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flying hooves
I have been trying to get an answer to this question and I get no answer.

I know people have their preferences in bloodlines but I am curious.

I see the No Minstril adds and kind of understand that one, though a good horse is a good horse.

What is up with the No Babson thing? I have 2 SE mares with Babson several generations back and have had people say, "oh they have Babsob blood" WHY?

Trying to learn

Nadj al Nur
Lisa, you would have to ask the people who said that for the "why's " of that one, LOL. I think most people who breed SEs will tell you that Babson blood is not a bad thing at all and can certainly add a lot to a program, but as you say, it may be just a preference thing............
flying hooves

I have and receive no answer LOL

It is my understanding and experience, Babson blood adds performance!!

Nadj al Nur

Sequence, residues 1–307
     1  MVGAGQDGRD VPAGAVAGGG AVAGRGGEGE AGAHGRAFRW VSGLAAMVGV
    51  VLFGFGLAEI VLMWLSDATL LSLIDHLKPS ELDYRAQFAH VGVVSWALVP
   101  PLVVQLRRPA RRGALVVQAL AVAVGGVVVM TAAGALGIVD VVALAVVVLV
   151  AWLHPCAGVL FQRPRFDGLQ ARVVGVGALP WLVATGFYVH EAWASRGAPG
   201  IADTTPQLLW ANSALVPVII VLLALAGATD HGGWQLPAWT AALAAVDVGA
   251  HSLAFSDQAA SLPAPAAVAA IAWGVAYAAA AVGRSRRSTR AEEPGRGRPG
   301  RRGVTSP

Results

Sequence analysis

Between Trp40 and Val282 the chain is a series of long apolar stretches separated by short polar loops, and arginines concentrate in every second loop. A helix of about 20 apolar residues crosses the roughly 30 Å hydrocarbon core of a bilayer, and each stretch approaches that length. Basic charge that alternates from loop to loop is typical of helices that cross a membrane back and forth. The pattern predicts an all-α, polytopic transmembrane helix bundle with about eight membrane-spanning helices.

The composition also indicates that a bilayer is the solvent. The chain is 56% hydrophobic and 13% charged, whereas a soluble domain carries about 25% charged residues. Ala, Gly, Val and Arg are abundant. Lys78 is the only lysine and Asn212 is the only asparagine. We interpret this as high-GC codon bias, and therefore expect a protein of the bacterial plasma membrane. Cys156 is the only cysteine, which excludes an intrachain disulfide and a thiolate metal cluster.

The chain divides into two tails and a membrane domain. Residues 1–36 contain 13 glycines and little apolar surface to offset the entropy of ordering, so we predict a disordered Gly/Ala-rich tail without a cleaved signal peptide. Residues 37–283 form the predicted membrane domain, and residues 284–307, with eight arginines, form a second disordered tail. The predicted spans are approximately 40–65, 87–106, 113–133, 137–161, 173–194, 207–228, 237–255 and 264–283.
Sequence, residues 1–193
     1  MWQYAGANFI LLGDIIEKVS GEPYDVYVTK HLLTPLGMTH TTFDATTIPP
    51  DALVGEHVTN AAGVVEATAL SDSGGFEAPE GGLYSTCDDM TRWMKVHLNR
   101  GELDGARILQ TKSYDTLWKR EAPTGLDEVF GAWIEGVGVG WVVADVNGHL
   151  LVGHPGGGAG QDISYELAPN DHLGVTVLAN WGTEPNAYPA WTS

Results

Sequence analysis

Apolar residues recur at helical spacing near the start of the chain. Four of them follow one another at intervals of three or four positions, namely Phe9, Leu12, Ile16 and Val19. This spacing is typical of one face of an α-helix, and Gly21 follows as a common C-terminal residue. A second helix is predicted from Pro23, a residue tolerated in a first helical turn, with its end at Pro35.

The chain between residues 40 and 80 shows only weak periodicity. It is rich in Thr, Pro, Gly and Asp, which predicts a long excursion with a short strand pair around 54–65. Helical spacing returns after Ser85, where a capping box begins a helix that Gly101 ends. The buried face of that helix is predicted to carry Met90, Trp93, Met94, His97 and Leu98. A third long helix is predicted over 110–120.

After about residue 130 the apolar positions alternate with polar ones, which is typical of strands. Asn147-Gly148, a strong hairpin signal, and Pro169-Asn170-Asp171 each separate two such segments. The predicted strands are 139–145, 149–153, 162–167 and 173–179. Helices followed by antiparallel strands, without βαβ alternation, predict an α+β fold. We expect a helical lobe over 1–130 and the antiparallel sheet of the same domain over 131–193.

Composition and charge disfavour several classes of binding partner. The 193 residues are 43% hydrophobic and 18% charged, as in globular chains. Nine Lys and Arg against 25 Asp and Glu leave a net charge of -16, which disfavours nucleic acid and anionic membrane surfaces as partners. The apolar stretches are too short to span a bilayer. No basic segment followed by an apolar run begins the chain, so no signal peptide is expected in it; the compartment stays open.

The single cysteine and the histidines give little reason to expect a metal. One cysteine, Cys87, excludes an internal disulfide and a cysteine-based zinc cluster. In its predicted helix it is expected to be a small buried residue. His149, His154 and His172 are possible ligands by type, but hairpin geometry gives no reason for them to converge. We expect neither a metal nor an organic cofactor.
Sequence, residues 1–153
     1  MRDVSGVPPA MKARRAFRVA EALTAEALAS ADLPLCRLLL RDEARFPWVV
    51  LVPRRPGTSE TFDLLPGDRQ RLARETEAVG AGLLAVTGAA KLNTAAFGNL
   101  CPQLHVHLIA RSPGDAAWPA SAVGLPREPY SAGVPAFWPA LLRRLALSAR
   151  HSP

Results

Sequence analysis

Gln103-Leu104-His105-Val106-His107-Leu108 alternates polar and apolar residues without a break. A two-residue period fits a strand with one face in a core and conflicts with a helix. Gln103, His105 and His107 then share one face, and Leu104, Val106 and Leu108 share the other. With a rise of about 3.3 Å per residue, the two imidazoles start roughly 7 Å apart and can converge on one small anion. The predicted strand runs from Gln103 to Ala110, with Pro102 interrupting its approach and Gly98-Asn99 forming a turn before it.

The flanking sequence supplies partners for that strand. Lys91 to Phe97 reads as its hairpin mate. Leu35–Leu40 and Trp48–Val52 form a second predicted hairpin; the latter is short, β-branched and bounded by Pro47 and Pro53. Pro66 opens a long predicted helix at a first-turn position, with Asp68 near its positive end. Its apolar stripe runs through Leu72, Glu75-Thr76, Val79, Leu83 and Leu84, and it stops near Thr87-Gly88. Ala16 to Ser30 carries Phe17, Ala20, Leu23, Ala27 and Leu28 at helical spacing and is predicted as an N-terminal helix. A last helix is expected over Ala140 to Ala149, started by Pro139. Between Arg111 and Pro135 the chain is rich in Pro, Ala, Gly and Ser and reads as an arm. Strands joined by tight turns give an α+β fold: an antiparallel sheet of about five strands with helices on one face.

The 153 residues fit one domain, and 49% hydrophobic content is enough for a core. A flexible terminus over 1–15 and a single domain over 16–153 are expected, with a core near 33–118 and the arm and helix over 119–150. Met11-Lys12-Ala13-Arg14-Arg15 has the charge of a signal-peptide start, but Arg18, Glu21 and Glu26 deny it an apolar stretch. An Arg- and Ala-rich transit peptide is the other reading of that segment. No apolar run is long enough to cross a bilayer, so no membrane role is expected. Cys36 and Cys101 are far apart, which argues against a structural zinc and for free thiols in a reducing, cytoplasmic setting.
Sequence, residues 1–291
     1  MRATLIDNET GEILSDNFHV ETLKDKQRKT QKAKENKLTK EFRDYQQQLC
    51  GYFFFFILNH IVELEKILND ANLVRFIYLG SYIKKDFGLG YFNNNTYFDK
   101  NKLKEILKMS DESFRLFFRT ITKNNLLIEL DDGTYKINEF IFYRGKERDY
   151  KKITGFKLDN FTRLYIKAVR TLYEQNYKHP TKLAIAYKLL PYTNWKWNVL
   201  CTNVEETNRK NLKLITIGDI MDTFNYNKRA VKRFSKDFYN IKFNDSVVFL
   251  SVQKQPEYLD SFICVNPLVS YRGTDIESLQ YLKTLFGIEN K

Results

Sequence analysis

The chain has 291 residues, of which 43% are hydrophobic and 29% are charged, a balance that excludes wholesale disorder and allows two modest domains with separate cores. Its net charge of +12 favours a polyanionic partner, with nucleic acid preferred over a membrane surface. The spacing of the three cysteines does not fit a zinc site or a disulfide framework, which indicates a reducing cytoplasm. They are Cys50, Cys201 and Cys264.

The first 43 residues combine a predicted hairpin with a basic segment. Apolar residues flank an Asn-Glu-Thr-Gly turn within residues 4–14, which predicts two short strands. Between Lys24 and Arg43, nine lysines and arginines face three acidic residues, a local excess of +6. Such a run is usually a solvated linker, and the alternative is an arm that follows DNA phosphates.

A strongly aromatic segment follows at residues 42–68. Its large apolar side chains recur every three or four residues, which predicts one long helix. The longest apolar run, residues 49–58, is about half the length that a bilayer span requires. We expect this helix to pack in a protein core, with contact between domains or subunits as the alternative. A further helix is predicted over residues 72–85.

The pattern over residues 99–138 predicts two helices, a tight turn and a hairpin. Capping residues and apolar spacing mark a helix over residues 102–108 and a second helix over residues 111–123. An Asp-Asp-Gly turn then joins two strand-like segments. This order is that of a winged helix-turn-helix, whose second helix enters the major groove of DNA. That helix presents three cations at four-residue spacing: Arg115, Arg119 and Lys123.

Well, if you have asked these people what they mean, and have recieved no answer, then I would suggest that they don't HAVE an answer and you can pretty much take it from there. I would say, on the average that most Babson lines DO bring something to performance, and to temperment as well.
When I very first got into researching Arabians I somehow got the impression tha the Babsons were not very typey. However, I QUICKLY became a fan of these beautiful, correct, and "doing" horses! I believe my misprecetions were due to the fact that the very first photos of horses I saw labled as being Babson bred were from odd angles giving the horse an impression of a short neck and a plain head. I was soon cured of my misperception smile.gif
Dear Flying Hoofs

This response to Babson blood has been around for a long time. Years ago it was too much inbreeding, too little size ,and a lot of other things. Having visited the Babson farm while Homer Watson was still there and seeing their horses for myself I can assure that all the prejudice against these horses is unfounded.
Look at Prince Fa Moniet, the entire Falima line at Ansata, all the winners from Bentwod years ago with Babson blood. The US National Champion mare Fa Halima, and on and on.
I am not aware that Babson blood in a pedigree diminishes the value of the individual, but in any case, you can be assured it adds pigmentation, substance, movement, tail carriage, and TEMPERAMENT, as well as other positive attributes.
So your response to those asking why they have Babson blood could well be that it adds a lot of things you are seeking to a pedigree.